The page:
As often happens, each party contends that the Congress has spoken and resolved the question in its favor. See, e.g., Alabama Power Co. v. FERC, 160 F.3d 7, 10-11, 1998 WL 785622 at * 4 (D.C.Cir.1998). Contrary to Agriculture's position, however, the term "actively involved" does not have an unambiguous meaning. The lack of clarity is amply demonstrated not only by the agency officials' conflicting views on whether or not "actively involved" requires "managerial decision making," JA 43, but also by their lack of agreement over whether the amendment codified this circuit's precedent of "personal fault" or even what our precedent required. On the other hand the petitioner is wrong in asserting that the Congress "clearly" intended to adopt our precedent as set forth in our opinions in Quinn, 510 F.2d at 752-56, Minotto v. United States Dep't of Agriculture, 711 F.2d 406, 408-09 (D.C.Cir.1983), and Bell, 39 F.3d at 1201-05. First, the statutory language does not expressly so state. While we agree with the petitioner that his burden of demonstrating that he "either was only nominally a partner, officer, director, or shareholder of a violating licensee or entity subject to license or was not an owner of a violating licensee or entity subject to license which was the alter ego of its owners" mirrors part of our test, see Maldonado v. Department of Agric., 154 F.3d 1086, 1088 (9th Cir.1998), it is far from clear that, by using the term "actively involved," the Congress also intended to incorporate our "personal fault" requirement.7 Had the Congress intended to do so, it could have done so expressly. Cf. Oneida Tribe of Indians v. Wisconsin, 951 F.2d 757, 762 (7th Cir.1991) (noting that Congress's different wording from past indicates intent that new word has different meaning). Nor does the limited legislative history address the issue. Congressional desire that "individuals who are not responsibly connected" have "the opportunity to demonstrate that they were not responsible for the specific violation," H.R.Rep. No. 104-207, at 11, does not necessarily demonstrate such an intent. As the Congress has not spoken to the precise question, we must take the second Chevron step and determine if Agriculture's interpretation is reasonable.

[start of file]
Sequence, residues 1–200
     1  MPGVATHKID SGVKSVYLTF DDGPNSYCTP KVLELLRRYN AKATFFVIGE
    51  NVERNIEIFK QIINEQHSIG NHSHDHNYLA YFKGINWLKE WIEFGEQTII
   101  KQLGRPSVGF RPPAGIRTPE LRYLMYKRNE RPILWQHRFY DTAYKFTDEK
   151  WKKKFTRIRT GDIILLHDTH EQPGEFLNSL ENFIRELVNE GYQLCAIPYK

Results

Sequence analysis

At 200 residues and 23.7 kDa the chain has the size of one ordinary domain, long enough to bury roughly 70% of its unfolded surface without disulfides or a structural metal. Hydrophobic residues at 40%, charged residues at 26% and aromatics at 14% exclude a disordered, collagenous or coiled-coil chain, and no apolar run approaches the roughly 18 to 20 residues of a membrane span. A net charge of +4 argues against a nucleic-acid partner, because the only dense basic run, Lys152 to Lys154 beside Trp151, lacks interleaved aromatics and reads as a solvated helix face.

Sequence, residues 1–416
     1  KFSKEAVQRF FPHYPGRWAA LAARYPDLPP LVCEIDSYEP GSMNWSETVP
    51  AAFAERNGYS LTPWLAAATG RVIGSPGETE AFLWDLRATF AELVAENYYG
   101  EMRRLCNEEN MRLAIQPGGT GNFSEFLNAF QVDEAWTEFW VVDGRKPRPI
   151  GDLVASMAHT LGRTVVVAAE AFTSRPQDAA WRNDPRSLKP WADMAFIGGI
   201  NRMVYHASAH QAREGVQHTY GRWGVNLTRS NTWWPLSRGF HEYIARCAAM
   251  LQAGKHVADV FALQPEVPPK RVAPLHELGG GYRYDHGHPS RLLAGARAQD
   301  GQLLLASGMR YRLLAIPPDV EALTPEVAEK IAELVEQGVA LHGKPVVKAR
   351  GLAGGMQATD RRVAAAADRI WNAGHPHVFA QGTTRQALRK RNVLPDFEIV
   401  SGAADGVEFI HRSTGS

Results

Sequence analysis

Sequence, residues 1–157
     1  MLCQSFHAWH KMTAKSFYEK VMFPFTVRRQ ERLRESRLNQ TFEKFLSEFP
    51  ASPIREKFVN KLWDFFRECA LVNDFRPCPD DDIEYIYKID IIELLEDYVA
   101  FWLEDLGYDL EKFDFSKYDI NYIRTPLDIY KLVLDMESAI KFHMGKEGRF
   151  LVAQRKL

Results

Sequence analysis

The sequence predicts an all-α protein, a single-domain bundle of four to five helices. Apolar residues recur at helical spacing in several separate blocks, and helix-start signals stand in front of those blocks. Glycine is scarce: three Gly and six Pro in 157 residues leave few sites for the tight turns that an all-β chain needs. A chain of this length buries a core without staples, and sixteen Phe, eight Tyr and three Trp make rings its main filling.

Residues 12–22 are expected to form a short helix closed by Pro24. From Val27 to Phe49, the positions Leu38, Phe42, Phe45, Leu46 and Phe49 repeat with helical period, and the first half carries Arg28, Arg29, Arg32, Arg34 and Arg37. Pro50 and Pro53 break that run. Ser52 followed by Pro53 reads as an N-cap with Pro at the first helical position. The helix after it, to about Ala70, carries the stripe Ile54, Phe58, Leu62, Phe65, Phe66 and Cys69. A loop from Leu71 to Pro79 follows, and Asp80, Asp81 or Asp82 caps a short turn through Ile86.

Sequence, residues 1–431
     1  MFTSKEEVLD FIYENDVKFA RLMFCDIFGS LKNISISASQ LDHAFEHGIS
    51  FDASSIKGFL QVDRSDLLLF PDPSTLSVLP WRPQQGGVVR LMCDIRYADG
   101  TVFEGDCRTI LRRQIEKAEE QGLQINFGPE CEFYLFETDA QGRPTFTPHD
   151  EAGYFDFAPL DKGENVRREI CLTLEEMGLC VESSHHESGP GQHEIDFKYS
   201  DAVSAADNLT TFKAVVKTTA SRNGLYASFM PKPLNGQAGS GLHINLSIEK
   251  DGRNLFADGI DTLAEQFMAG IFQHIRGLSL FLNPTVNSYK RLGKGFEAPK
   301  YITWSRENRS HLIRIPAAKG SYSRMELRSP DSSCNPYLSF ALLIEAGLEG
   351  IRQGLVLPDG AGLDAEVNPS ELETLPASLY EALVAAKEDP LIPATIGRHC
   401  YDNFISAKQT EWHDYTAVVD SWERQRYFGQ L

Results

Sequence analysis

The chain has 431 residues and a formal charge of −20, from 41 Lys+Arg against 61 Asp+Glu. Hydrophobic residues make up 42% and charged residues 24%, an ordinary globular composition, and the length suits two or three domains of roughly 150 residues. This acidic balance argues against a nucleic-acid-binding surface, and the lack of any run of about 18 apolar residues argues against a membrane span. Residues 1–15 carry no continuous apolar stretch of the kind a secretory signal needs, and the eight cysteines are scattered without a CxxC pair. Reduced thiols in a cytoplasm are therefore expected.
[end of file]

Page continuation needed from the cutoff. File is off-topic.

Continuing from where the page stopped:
The JO's opinion provides virtually no standard for us to examine. Agriculture's argument that each case requires a fact-specific determination does not excuse its failure to provide any standard. See Philadelphia Gas Works v. FERC, 989 F.2d 1246, 1251 (D.C.Cir.1993) ("For [the agency] to utter the words 'unique facts and circumstances' and 'equity' as it did here, as a wand waved over undifferentiated porridge of facts, leaves regulated parties and a reviewing court completely in the dark."). The JO makes only two points in interpreting "actively involved." We know only that "active participation in managerial decision making" is not required and that writing checks standing alone may be sufficient.8 JA 42-44. At oral argument, Agriculture suggested that, while signing checks was sufficient, mailing them was not. The JO, however, provides no principled way to distinguish the two. Both could amount to "active involvement in an activity" that resulted in the violation. JA 44. Moreover, the JO's opinion does not indicate clearly whether a scienter requirement exists. For example, its language that Michael signed the checks and was therefore actively involved does not necessarily suggest a scienter requirement. In another part of his opinion, however, he indicates that an individual must knowingly participate in the PACA violation to be responsibly connected. For example, the JO specifically notes Michael's knowledge of the Corporation's financial problems and the fact that Michael was troubled by signing the checks--both irrelevant if uninformed check signing alone constitutes active involvement.9 JA 42.